Through almost three decades, the WWE Royal Rumble remains one of the promotion's most powerful tools in creating new stars.
Most Royal Rumble winners read like an almanac of pro wrestling greats. Unfortunately for some, this is also a glory prone to backfire.
In a perfect world, every Royal Rumble winner goes on to WrestleMania to begin a Hall of Fame career by unseating the incumbent star. More times than not, that very scenario plays out successfully, but when it doesn't it sets the wrestler in question back multiple years at the very least.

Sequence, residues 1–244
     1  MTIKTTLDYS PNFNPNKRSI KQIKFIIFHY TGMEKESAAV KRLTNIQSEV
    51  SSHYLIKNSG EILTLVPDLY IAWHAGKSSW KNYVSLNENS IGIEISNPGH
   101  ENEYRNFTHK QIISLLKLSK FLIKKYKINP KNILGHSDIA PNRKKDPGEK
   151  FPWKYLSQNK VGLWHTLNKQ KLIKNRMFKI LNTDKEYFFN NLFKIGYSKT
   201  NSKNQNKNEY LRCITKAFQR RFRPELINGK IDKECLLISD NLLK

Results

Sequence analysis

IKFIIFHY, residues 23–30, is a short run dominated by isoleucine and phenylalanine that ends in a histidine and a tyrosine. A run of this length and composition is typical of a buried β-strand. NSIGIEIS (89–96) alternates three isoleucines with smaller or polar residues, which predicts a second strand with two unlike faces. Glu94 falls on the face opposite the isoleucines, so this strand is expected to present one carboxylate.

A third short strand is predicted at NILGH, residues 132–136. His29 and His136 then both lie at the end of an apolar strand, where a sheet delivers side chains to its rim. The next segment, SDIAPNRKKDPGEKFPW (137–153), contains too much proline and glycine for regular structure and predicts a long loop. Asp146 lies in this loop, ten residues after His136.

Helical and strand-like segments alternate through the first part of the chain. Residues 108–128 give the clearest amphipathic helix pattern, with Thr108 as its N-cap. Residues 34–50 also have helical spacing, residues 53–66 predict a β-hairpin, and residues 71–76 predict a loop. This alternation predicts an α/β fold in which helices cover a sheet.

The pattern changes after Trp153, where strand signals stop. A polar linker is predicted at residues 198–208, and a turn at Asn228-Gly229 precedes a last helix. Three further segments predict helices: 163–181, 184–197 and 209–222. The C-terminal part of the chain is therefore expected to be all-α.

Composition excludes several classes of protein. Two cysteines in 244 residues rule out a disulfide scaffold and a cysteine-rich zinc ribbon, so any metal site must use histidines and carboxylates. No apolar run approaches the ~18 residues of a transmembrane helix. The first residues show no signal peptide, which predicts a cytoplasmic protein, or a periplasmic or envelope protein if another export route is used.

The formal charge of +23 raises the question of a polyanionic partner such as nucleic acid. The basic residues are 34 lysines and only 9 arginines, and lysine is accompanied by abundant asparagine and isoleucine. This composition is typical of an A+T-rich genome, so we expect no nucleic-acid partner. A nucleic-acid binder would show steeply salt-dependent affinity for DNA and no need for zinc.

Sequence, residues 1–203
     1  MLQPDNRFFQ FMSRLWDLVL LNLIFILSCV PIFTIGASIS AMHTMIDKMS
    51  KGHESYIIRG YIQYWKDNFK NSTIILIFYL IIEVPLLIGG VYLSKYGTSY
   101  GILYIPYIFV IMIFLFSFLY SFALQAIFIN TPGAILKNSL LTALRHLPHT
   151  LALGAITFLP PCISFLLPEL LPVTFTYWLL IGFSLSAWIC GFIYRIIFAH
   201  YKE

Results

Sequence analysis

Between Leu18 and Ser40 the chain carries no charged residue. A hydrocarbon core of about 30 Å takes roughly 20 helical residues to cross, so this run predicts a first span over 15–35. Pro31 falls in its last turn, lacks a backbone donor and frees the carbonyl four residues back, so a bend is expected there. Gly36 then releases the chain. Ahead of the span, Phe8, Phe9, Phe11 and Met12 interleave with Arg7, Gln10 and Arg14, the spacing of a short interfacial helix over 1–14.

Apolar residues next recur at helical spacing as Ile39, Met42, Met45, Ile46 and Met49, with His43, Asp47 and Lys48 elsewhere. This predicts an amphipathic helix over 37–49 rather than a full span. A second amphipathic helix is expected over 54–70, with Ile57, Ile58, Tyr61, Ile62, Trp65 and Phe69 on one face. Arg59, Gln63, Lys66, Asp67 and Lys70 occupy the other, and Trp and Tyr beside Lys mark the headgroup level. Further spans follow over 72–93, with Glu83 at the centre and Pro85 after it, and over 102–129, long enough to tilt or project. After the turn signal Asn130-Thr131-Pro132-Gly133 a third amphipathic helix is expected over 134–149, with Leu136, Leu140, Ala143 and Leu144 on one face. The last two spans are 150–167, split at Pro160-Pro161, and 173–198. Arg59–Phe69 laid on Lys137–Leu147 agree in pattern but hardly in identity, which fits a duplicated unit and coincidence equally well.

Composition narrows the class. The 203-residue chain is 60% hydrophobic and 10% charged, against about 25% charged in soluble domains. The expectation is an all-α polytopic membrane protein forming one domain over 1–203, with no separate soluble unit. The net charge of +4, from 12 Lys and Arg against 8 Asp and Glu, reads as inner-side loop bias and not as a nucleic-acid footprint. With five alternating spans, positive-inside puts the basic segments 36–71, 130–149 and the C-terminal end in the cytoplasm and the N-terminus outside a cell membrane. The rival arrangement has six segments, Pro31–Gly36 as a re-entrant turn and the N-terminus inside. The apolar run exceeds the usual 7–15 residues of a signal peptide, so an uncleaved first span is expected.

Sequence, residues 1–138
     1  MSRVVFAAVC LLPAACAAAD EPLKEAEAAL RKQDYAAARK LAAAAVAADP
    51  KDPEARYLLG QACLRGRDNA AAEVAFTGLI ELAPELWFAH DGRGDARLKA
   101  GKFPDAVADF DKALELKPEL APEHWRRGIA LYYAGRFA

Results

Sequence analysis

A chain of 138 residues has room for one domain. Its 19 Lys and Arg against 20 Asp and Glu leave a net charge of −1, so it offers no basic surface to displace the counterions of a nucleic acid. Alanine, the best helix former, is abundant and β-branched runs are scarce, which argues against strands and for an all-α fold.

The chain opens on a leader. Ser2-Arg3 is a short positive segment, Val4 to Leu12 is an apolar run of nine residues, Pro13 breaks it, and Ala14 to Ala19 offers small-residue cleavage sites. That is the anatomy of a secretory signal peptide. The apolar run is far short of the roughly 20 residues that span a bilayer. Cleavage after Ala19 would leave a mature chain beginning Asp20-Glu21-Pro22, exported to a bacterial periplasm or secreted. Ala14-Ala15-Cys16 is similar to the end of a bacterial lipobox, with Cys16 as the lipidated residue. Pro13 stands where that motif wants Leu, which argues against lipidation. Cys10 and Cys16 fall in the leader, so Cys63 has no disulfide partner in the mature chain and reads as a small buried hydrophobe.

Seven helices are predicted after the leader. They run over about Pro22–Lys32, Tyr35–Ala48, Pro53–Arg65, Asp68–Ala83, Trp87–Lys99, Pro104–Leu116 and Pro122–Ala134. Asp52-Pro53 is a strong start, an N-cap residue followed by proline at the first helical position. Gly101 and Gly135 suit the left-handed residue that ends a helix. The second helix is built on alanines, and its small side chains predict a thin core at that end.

Worst case scenario, it can cripple a career.
Given today's era of instant gratification and competition from ubiquitous cable television, the window for a star to manufacture a Royal Rumble win into super stardom has decreased. Even those who have won at WrestleMania tend to struggle finding their sea legs in WWE's high-turnover main event picture.
Indicators of poor performance at WrestleMania include poor match quality and wrestlers who quickly descended down the card in the months following their win.
Winning the Royal Rumble is no longer a sure thing for aspiring legends. In some ways, it has become wrestling's Russian roulette.